06 Nov Four Tips Your Client’s Need to Know About Habitational Insurance
There are over half a million businesses in the U.S. involved in the apartment rental business, which accounts for more the $163 billion in annual revenue. On top of this, across the border, Canadians are flocking to apartments in such high numbers, the current occupancy rate sits at 1.35%. When investing in rental properties, most investors look at things like renter demographics, staffing, and location to determine which properties are likely to yield the best ROI. Insurance companies look at the same information, but from a different angle. Here are four tips for clients who come to you for their habitational insurance.
It is not unusual for a property owner to provide onsite security, but where the security people come from and whether they are armed can have a dramatic effect on how the insurance company assesses the risks. Although armed security might seem like a good idea, having armed security may increase your client’s exposure. When your client uses a property management company, it may be necessary for them to have a single policy that covers all properties.
Certain demographics, for example, an assisted living facility or a student housing unit, have their own very specific risks. According to statistics, there are over 15,000 slip-fall accidents every year among seniors, costing more than $34 billion. At the same time, over 25% of crimes reported by college students in the U.S. have to do with sexual assaults, and 8% are aggravated assaults. To sum this up, over 30% of crimes committed in student housing are those covered under a Habitational insurance policy. If your client is found negligible with regard to providing adequate security, they could face financial penalties, which is why insurance companies take renter demographics into account as they determine rates.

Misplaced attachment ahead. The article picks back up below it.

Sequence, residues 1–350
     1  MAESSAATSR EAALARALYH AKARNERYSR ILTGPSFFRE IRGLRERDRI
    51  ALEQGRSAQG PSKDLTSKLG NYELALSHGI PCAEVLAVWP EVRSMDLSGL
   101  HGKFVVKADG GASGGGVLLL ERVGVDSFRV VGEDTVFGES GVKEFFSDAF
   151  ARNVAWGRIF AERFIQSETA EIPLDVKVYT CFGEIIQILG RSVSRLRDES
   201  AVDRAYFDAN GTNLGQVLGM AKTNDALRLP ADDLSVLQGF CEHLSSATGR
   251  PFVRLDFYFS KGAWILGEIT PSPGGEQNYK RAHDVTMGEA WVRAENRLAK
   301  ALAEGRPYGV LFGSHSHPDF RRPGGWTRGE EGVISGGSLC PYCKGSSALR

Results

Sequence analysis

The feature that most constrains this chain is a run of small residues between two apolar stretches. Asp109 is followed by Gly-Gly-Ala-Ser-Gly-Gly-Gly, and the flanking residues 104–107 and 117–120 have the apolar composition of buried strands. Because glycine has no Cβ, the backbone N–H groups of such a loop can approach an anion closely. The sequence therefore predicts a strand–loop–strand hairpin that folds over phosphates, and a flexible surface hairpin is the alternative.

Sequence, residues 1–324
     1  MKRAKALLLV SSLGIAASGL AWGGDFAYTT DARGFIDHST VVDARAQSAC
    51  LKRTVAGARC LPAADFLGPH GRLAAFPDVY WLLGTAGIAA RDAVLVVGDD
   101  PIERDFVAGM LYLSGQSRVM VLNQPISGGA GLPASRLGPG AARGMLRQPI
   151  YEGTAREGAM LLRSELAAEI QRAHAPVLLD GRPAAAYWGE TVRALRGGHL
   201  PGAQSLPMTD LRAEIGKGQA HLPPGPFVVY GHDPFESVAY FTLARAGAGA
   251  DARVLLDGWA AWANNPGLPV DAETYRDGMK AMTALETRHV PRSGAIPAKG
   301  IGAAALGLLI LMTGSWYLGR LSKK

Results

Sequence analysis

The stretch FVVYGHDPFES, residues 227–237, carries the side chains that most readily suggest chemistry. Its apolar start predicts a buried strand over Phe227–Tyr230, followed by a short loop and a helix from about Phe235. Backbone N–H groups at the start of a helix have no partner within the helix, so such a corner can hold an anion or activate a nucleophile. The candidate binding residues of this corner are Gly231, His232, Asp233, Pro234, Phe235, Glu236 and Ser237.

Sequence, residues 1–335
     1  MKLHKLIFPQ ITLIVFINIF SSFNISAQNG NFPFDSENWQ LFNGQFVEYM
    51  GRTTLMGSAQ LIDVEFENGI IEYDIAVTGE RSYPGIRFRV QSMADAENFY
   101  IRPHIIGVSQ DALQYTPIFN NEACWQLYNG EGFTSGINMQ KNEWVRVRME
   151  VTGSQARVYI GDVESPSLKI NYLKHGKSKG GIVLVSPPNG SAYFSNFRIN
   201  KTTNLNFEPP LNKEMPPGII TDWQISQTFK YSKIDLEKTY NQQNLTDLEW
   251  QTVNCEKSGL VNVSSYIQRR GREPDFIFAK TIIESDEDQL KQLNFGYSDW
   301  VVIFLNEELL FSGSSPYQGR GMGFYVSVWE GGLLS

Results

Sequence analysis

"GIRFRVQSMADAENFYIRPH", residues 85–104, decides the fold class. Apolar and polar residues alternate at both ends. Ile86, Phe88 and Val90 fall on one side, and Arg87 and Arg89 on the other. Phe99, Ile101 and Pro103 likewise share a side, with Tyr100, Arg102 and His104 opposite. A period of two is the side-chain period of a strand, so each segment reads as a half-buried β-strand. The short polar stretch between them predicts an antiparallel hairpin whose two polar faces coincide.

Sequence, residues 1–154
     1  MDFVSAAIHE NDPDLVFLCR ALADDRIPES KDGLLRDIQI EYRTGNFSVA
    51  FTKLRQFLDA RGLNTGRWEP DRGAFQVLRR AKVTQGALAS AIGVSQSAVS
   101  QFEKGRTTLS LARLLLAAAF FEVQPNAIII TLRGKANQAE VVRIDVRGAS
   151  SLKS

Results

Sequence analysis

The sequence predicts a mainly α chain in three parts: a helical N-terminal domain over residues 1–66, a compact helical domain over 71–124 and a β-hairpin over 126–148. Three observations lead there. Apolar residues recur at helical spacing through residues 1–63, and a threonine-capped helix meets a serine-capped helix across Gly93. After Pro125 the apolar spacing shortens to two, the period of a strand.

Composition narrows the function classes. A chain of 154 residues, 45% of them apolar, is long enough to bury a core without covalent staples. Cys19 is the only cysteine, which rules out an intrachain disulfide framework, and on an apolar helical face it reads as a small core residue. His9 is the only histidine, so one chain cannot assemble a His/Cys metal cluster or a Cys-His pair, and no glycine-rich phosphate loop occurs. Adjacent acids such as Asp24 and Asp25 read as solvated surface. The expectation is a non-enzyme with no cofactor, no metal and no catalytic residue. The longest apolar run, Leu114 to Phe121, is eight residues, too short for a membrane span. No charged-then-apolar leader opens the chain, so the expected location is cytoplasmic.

Put simply; it is your client’s job to ensure their rental properties are kept in a “safe and habitable” condition. Should a property be in an unsafe condition after a bodily injury or damage claim has been made, the habitability policy may not cover the financial costs involved. For example, if you have a property with termites and a tenant becomes injured as a result of damage these insects have caused, the owner of the property would have to pay rather than his insurance provider.
One of the biggest things insurance companies look at when determining policy costs and availability is location or more specifically the crime rates in a particular location. Even if everything else about the property lines up, if the crime rates in the area are high, your clients can expect to pay higher premiums.
When it comes to the availability and cost of Habitational Insurance, there are several things that come into play. It is your job as a broker to help your clients gain a better understanding of their exposures and which insurance companies they can turn to for trusted advice and for the best possible Habitational insurance coverage. To be sure most clients are highly interested in finding the most cost-effective insurance policy, it is your job as their broker to show them how paying a little more for better coverage would benefit them should the need to make a claim occur, which could save them a lot of money later on down the road.